But who should be on the list of attendees? That's easy. Anyone who is going to offer up a meaningful contribution to the topic(s) that will be up for discussion needs to be invited. If someone can't directly contribute to the objectives of the meeting, or add insights to questions, they don't need to be there.
If you’re unsure about who to prioritize, don’t try to guess. Ask your boss or whoever called for the meeting to decide who they need to be there.
Pro-tip: If you're regularly scheduling meetings with clients and/or one-on-ones with colleagues, try using a meeting scheduler to cut out back-and-forth emails.
Copper's meeting scheduler lets you preset different meetings types and select them from the email you're writing.
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It goes beyond just scheduling meetings. Learn more about the hundreds of other tasks that a CRM can take off your plate with this free handbook.
Step 3: Find a time that suits everyone (and every time zone)
Ahhh, the back-and-forth emails to set up a meeting (that everyone dreads).
Don’t worry, it’s possible to avoid them.
You can send out a list of three possible times for meeting attendees to choose from. These proposed meeting times are based on slots that are doable for your prioritized attendees (like your VP of Marketing). To do this, you can send out an email like:
Just touching base about next week’s marketing meeting at (fill in with either a physical location or if it is going to be a digital meeting on a platform like Zoom). The meeting will be 30 minutes, so please let me know which of these work best for you:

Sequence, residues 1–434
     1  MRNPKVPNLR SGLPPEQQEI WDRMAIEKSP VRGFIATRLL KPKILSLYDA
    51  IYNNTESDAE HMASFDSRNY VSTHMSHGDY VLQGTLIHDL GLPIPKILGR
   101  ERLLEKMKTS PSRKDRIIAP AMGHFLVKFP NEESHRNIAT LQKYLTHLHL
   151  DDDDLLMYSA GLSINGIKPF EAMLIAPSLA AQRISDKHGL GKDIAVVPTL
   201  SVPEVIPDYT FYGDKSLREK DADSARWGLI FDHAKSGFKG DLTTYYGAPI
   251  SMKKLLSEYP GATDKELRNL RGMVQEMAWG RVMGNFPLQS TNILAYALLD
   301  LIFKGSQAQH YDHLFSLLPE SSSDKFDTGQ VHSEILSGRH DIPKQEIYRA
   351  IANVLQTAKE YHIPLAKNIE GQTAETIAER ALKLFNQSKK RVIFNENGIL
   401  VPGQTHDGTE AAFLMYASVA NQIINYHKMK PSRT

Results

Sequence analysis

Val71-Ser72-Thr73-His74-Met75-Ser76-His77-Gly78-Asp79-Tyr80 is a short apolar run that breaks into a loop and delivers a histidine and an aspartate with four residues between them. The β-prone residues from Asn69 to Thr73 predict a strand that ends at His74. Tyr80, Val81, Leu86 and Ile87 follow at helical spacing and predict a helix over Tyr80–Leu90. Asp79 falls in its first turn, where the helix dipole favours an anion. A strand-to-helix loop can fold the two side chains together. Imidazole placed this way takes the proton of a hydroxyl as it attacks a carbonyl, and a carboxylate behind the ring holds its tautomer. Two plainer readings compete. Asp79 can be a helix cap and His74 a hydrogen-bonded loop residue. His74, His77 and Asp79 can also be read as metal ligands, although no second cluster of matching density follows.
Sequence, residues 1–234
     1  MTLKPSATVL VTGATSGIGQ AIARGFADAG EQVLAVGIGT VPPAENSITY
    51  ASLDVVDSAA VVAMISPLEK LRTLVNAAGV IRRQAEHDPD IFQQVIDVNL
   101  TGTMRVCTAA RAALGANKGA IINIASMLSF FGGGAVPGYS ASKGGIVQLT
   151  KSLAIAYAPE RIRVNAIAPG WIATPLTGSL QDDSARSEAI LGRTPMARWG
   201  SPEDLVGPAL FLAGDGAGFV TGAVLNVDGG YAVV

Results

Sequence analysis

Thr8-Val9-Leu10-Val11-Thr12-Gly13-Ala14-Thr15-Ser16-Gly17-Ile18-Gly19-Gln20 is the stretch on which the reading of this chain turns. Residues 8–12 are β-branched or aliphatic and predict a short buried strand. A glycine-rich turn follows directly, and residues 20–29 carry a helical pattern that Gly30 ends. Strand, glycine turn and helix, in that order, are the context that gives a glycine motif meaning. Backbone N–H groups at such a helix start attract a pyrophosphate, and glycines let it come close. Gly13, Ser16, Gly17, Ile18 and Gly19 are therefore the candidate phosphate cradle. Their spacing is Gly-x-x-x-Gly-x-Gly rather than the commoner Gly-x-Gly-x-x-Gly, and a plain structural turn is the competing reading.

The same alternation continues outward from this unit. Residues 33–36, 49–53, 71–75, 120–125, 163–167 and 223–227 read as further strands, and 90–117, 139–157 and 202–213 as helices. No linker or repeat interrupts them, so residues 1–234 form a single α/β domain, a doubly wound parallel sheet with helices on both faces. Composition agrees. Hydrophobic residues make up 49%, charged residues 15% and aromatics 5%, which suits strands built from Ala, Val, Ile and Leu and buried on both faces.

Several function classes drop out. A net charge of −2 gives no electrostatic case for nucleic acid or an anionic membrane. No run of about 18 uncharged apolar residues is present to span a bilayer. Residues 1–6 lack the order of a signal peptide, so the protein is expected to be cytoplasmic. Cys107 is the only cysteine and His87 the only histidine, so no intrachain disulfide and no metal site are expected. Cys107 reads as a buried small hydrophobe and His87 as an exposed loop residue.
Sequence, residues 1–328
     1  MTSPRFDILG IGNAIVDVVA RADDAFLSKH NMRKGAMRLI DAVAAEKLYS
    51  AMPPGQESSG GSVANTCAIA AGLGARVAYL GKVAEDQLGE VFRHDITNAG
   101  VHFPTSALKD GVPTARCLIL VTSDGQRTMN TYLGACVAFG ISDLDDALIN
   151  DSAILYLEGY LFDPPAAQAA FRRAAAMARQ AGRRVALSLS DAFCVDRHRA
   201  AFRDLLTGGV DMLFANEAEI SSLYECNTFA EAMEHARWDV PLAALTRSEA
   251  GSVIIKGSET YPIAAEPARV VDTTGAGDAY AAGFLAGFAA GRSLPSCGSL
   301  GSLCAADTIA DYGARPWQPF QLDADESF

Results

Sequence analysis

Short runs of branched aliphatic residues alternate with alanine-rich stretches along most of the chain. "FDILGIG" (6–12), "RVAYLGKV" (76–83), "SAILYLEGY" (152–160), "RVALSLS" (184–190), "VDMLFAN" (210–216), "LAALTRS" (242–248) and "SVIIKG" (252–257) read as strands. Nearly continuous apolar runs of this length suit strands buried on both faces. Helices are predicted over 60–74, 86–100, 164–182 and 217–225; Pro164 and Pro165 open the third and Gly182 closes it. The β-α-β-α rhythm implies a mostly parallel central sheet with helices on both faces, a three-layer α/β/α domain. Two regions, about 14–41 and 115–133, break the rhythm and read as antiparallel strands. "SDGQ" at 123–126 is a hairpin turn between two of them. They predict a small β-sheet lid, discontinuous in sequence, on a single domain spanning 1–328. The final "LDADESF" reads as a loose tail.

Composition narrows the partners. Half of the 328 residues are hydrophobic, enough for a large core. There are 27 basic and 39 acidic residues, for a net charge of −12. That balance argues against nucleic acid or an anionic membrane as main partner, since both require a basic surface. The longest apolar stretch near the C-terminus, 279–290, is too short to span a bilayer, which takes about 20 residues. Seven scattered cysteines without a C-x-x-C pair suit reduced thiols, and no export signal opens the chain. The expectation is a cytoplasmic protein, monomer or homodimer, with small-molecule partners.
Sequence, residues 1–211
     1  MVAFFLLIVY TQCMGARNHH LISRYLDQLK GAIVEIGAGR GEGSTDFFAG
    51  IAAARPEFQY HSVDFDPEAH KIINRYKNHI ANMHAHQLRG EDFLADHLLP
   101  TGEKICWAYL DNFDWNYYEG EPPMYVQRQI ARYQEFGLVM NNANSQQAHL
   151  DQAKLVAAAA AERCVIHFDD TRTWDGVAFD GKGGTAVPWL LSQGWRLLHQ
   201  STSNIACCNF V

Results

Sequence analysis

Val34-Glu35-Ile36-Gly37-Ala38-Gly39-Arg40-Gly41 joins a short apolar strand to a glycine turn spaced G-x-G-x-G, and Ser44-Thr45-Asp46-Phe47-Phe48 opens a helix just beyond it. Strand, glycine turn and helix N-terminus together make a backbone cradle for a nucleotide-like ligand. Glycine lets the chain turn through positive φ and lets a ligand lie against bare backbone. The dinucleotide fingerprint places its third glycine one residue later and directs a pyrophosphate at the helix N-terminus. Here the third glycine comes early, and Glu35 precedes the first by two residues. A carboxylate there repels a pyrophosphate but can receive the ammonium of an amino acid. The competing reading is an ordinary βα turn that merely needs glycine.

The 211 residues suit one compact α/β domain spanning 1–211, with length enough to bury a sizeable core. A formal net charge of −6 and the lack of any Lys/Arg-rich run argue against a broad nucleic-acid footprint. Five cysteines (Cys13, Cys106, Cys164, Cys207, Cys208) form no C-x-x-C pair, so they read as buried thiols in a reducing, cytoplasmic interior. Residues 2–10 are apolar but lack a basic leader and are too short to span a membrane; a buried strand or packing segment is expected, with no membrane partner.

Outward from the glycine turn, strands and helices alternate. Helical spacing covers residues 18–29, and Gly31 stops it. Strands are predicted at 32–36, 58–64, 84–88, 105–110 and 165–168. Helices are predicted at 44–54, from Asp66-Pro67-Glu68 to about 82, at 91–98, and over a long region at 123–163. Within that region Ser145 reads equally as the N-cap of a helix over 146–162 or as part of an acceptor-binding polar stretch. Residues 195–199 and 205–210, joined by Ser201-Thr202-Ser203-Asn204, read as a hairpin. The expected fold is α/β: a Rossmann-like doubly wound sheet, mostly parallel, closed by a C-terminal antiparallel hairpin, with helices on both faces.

- MON 7/20 at 2 pm (EDT)
- TUE 7/21 at 11 am (EDT)
- WED 7/22 at 11 am (EDT)
Sending this out does two things: it limits the options for the meeting (saving a lot of the back-and-forth emails), and it minimizes confusion about the timezone as well.
It also leaves a paper trail that cements:
- The length of the meeting
- The definitive start time of the meeting so attendees can add it to their calendars
- What type of meeting it’s going to be (either physical, phone, or over the web
The limited options mean you’ll be able to find a meeting time that suits most people. Of course, you’ll almost never be able to accommodate everyone’s ideal timeslot. But by using this, you'll be able to scope out one that works well enough for most people.
This also shows everyone attending the meeting that each person’s time is valuable. The aim is to make it clear that everyone's attendance at the meeting, as well as their availability, is equally important across the board.